A conservative statesman

Preston Manning decided to forgo a run for Ralph Klein's job in favour of developing his reputation as a guru for the right in Canada

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by L. IAN MacDONALD
The Gazette, Monday, May 29, 2006

Preston Manning could have been a contender, and he is certainly a somebody, but in the end he decided against making a political comeback for the leadership of the governing Progressive Conservative Party in Alberta.

A draft-Manning movement was shaping up after the party effectively dumped Premier Ralph Klein in a leadership review, and the founder of the Reform Party certainly thought about it, before deciding against it two weeks ago.

He looked at it, he says, "partly because of my feeling of obligation, Alberta has been very good to us." That would be him and his wife, Sandra, whose enthusiasm for the comeback project was tempered by the hard question of whether politics was something they needed at this point in their lives.

After all, as Manning says, they had "been there, done that." And then, he added, a bit wistfully, "to some extent," meaning never in government.

The more he thought about it, the more he realized a leadership campaign would be six months of "selling memberships," and another year and a half going into the 2008 election. A life on the road again in places like Ponoka.

Moreover, there was already a front-runner, former finance minister Jim Dinning, who has no shortage of money, organization or members. And one important party elder, Peter Lougheed, was asking exactly how long Manning had belonged to the Progressive Conservative Party, which has been in office for the last 35 years. As we say in Quebec, it was not evident.

Manning had another reason for giving it a pass. He has been in the political arena, and successfully moved on to become a senior statesman of the public-policy process, a role he has carefully cultivated as a thoughtful conservative. His main project is the Manning Centre for Building Democracy, whose somewhat portentous, if not pretentious, mission is "the improvement of Canada's democratic infrastructure."

Manning makes the important point that Canadian think-tanks of all vantage points are significantly underfunded and far less influential than in the United States. On the right, the Fraser Institute is the biggest and best known, while the fledging Montreal Economic Institute is the first conservative think-tank in Quebec. No Canadian think-tank has anything like the resources or influence of institutes such as the Wilson Centre or the Brookings Institution or the Centre for Strategic International Studies in Washington. All have significantly shaped the U.S. public-policy agenda for the last generation.

Manning is an interesting study, as someone who began on the narrower margins of the right as the founding father of Reform, a party of regional grievance. Try as he might in two elections, he could never find a way to take it national. He tried recreating it as the Canadian Alliance, but then lost the leadership to Stockwell Day in 2000, before Stephen Harper ran under the revived national Conservative brand in 2004 and won in 2006.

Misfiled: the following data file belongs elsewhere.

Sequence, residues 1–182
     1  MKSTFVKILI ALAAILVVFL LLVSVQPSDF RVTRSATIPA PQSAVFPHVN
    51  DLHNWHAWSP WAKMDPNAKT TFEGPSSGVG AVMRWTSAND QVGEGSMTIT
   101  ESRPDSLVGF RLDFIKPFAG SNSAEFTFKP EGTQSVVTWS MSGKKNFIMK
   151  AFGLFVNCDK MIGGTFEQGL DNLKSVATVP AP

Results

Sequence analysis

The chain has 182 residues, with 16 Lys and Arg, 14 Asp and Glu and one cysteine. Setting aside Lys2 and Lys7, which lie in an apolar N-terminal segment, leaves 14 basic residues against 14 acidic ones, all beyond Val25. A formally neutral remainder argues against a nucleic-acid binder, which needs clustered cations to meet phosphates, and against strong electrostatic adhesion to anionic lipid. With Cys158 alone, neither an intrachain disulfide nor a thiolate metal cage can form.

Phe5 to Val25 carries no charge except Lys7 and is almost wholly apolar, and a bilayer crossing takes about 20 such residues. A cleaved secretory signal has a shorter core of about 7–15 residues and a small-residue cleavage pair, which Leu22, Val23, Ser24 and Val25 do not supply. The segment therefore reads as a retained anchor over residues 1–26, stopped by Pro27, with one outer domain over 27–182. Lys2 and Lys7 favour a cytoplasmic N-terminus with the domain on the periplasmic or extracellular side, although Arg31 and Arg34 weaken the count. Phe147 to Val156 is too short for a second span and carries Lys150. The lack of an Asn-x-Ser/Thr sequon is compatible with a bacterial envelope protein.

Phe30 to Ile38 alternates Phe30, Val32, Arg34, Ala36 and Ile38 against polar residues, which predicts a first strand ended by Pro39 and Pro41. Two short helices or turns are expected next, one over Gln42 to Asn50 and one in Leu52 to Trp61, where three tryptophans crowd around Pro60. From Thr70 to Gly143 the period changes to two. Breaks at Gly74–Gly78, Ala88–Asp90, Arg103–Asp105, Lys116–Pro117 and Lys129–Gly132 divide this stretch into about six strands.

Now Manning is positioned as a senior statesman of the conservative movement in the country, a role he clearly relishes, and one in which he has himself moved closer to the centre of the political spectrum.

Looking very relaxed in a blazer and golf shirt at his Calgary office, he asks: "Where's the conservative science policy, where's the conservative aboriginal policy, and where for that matter is the conservative constitutional policy?"

On that, he says, "There is a community of interest between Quebec and Alberta on the whole constitutional file," beginning with the management of the federation. Quebec and Alberta, he also notes, are the leading proponents of modernizing and reforming public health care.

Manning also has some thoughts on one current file - climate change. Canada is 30 per cent above its Kyoto target of reducing greenhouse-gas emissions to six per cent below 1990 levels by 2008-2012.

"The federal government," he says, "had no intention of implementing Kyoto and no way of enforcing it."

That doesn't mean he doesn't take global warming seriously. "I just see Kyoto as a false start," he says.

He sees no Canadian solution without the agreement of "Alberta as the biggest producer and Ontario as the biggest consumer," the two provinces whose economies create the most emissions. Nor does he see a solution without the participation of the private sector and the leadership of the United States.

This also happens to be Brian Mulroney's view of global warming as the most urgent environmental issue facing Canada and the world. Manning and Mulroney - together at last.

 
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